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May 16, 2011 | by  | in News |
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Healthy Minds on Campus – How to Boost Your Mood

In an article two weeks ago I wrote about understanding our moods. This time I will discuss strategies to boost mood. Using these strategies can have a whole host of benefits, including greater enjoyment, energy and enthusiasm, better concentration, and less tension and sadness.

These strategies aren’t a panacea, and may not be enough by themselves if you have some major life difficulties or significant mental illness going on. Sometimes you may need some other help too, but even then keeping these strategies going will make getting out of a tough place easier.

Many of these ideas seem obvious, and may have been suggested to you by friends, family or professionals. That’s because they work; the trick is to do them often enough.

Healthy diet

Diet is complicated, so I’m going to devote a whole column to it later in the year. To briefly summarise: regularly eating good food improves mental health.


It’s true: exercise is good for you. Any type of exercise: it doesn’t have to be very energetic; you don’t need to join a gym. Aerobic exercise seems even better than anaerobic, but if pushing weights is your thing, you’ll still be boosting your mental health.

Good sleep

Obvious, boring and true. Missing sleep matters. Even sleeping at a different time to that your body is used to can affect your mood and learning ability. Keep the late nights to a minimum, and give your body catch up time (early nights work better than sleeping in). There are tips on getting good sleep on the Counselling Service’s website.

Limit alcohol/drugs

Alcohol is a depressant! It and many other drugs make us feel better in the short-term, but have adverse long-term effects. There are pressures on students to drink far more than is healthy. For most people, drinking “moderately” isn’t a big deal. Unfortunately “moderately” is much less than many students consume. The Alcohol Advisory Council suggests a maximum of 21 standard drinks (for men) and 14 standard drinks (for women) a week. It also advises alcohol-free days and no more than six (for men) and four (for women) standard drinks per drinking occasion.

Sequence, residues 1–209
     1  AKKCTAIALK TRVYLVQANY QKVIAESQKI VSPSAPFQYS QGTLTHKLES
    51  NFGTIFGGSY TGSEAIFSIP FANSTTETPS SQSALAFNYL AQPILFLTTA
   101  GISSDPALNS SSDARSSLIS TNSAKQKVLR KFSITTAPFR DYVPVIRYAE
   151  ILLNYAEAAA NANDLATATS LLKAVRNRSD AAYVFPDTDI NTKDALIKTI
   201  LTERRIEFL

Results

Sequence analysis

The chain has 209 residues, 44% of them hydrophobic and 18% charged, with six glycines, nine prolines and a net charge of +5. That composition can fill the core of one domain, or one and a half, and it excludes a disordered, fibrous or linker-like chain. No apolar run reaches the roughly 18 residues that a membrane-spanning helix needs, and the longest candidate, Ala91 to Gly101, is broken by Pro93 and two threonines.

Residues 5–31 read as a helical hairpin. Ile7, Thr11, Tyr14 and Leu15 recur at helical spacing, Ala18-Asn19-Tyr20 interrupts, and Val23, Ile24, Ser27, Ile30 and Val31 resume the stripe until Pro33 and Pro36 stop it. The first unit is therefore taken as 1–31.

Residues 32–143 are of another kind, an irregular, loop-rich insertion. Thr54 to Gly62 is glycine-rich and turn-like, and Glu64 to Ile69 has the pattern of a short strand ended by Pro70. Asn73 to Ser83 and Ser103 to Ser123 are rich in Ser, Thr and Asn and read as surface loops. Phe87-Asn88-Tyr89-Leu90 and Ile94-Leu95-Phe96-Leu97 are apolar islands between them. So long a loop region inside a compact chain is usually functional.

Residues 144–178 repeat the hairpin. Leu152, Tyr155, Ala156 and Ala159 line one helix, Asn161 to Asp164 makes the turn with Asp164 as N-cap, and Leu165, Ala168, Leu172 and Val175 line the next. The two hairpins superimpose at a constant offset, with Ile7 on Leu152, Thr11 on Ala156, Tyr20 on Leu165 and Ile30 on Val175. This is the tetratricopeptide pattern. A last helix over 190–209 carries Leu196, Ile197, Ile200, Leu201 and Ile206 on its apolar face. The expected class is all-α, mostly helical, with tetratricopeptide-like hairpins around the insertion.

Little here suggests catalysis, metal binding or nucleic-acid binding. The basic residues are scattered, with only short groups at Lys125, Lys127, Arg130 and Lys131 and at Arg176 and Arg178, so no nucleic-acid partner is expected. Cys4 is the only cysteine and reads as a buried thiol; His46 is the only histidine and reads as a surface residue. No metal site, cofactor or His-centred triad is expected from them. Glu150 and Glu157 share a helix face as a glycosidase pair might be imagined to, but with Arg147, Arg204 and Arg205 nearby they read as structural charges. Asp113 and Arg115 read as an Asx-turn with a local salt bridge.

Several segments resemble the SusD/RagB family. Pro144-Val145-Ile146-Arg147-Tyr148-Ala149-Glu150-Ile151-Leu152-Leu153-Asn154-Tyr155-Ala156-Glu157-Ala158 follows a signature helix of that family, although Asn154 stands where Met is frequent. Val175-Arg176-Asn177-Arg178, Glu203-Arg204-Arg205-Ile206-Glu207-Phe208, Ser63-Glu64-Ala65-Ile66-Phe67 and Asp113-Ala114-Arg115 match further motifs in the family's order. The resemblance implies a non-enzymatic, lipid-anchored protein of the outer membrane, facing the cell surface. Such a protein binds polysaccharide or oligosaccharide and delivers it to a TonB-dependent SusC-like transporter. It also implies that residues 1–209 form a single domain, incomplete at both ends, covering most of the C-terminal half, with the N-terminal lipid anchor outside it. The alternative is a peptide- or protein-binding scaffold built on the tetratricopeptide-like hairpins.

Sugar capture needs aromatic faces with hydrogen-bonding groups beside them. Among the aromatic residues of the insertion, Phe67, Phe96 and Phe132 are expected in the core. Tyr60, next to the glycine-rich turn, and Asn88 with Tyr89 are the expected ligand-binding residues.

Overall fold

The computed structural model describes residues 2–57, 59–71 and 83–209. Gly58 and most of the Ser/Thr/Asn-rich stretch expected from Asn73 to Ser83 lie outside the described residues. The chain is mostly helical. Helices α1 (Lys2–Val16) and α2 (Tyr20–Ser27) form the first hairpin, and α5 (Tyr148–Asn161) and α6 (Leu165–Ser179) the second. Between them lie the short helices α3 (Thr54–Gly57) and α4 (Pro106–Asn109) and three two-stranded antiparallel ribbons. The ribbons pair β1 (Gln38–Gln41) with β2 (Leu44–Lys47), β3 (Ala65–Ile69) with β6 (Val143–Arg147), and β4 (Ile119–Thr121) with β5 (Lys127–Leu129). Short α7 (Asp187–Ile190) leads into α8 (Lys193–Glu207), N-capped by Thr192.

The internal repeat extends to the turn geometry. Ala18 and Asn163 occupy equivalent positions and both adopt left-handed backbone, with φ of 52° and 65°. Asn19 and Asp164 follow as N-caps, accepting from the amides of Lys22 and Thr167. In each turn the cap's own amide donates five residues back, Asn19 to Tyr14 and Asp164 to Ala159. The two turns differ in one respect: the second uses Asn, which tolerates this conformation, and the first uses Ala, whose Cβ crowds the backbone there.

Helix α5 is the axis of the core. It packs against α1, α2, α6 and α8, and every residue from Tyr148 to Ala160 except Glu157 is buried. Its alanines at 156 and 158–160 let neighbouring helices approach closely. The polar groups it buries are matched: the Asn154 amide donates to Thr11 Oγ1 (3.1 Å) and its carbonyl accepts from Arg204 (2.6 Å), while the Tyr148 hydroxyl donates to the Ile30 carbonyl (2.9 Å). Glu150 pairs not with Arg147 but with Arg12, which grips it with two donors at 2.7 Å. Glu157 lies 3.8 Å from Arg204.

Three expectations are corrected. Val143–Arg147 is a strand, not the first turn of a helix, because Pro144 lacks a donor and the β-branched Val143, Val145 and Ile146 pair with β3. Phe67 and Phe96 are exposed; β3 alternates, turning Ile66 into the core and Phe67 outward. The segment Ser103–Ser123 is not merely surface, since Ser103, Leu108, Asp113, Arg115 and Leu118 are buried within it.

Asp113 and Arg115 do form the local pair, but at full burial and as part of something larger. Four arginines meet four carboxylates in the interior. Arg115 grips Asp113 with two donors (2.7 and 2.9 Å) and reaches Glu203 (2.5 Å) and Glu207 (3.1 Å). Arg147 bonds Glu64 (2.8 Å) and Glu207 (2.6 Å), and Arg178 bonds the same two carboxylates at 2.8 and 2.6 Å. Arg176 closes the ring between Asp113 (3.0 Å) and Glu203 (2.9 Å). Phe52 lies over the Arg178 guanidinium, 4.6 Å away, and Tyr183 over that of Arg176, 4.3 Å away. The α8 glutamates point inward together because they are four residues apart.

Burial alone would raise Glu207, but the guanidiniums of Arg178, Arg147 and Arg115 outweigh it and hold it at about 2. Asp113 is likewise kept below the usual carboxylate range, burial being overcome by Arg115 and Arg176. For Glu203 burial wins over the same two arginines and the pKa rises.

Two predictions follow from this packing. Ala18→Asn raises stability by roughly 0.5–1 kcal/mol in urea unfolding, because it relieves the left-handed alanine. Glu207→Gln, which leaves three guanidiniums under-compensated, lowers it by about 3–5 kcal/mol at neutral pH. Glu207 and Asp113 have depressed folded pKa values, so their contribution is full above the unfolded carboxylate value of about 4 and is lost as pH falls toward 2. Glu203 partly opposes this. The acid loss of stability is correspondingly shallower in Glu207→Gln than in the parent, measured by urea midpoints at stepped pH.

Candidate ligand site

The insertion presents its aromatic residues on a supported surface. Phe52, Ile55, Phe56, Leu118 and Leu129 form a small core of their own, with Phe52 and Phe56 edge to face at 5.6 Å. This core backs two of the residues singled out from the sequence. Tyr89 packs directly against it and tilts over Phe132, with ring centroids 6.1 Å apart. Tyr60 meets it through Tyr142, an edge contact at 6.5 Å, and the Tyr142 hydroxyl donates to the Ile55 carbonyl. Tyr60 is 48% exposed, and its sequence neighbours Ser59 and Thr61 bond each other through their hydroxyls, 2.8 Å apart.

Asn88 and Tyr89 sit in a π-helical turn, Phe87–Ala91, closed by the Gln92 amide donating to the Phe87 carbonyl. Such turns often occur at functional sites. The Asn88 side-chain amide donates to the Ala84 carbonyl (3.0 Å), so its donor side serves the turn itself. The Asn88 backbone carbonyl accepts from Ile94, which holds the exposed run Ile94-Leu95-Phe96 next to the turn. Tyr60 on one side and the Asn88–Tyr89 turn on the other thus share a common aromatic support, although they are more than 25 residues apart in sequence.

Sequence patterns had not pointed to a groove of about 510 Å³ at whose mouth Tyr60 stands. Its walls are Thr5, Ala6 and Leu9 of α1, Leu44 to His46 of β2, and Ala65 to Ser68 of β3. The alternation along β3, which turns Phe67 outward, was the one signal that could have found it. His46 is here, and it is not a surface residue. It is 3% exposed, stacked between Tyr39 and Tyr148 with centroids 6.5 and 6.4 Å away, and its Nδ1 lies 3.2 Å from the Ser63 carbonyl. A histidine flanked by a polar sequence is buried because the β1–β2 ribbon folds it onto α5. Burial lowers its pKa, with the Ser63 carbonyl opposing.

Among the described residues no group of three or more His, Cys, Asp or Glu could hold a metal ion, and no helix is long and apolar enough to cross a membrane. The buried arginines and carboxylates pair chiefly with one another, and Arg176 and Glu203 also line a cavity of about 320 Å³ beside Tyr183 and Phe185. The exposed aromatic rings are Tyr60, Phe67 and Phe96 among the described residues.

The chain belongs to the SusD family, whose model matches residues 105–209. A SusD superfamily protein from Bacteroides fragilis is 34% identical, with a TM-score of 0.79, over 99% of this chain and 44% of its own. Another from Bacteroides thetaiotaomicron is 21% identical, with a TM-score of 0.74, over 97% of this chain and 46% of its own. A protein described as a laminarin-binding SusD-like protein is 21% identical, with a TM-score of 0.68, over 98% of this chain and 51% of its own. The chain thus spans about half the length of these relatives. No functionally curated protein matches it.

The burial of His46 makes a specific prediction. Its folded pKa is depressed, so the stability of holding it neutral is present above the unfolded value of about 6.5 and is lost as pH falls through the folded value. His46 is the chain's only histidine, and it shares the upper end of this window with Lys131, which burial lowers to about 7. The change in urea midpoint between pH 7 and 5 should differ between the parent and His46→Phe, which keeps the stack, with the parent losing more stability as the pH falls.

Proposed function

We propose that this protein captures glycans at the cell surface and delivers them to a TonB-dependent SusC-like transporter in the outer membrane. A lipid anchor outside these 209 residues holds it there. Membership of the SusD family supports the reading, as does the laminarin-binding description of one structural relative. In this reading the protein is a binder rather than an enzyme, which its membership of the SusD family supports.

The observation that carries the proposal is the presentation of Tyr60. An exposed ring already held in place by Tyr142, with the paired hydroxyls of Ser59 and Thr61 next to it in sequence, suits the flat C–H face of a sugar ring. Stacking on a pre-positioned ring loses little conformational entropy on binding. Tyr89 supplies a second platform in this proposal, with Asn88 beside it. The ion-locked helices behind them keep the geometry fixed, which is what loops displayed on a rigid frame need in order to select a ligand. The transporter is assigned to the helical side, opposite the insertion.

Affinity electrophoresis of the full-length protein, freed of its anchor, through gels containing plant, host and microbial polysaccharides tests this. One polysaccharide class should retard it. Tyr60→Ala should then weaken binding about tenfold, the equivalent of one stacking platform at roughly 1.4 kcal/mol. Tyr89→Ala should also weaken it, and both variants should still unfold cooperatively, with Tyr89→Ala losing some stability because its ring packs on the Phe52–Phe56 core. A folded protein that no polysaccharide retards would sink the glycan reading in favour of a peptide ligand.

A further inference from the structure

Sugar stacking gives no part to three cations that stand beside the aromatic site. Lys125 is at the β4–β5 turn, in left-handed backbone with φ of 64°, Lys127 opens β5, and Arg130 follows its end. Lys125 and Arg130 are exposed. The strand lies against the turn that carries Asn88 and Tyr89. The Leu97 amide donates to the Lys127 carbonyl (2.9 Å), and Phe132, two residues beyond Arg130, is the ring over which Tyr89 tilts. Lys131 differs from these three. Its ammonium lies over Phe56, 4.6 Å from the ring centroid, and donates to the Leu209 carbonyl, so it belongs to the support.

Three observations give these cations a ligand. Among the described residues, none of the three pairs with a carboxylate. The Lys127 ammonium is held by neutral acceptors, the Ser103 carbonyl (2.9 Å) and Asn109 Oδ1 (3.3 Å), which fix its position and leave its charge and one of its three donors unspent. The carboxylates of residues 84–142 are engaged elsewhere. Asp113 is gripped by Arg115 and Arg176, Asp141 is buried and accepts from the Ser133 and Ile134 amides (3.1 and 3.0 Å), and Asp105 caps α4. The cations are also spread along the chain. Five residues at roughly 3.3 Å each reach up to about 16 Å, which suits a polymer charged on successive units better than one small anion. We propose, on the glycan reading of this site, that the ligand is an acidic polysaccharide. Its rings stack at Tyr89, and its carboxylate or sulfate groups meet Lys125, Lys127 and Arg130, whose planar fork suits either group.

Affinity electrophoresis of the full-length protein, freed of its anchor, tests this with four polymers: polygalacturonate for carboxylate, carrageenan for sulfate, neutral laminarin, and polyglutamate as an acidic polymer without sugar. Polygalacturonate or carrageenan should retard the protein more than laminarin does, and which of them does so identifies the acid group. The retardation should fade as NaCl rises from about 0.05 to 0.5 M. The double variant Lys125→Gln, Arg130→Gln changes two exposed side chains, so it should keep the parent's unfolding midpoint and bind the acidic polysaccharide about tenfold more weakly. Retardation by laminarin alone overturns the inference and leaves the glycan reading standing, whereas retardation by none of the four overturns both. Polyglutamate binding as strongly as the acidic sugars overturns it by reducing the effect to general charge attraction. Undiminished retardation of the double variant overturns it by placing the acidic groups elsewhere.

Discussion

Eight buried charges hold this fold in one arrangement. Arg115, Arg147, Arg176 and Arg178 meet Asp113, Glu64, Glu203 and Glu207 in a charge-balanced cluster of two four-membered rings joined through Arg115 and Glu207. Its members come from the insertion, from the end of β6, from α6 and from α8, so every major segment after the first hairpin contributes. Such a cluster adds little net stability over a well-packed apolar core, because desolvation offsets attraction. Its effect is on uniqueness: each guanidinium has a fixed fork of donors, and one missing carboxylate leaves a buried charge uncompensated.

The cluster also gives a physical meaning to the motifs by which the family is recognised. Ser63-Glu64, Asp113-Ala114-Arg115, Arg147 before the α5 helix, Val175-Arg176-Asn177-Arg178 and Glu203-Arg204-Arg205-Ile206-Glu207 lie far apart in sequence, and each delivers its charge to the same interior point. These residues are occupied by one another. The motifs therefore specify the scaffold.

Social time

Humans are social animals. Keep contact with the people you care about and enjoy time with when you’re unhappy. Talking about what’s troubling you with the right people can help you work out solutions, and feel connected and understood when there aren’t solutions to be found.

Pleasure scheduling

Have things to look forward to. You need small breaks from study, but it’s important life doesn’t feel like a grind. Plan something to look forward to each day, week and vacation.


This is particularly important as winter approaches: many of us are susceptible to getting down in the darker months. Try to spend time outside, especially on nice days in the morning and middle of the day.

You can combine these strategies as you like. How about planning to walk and chat with a good friend while eating a healthy sandwich?
Student Counselling Service 463 5310

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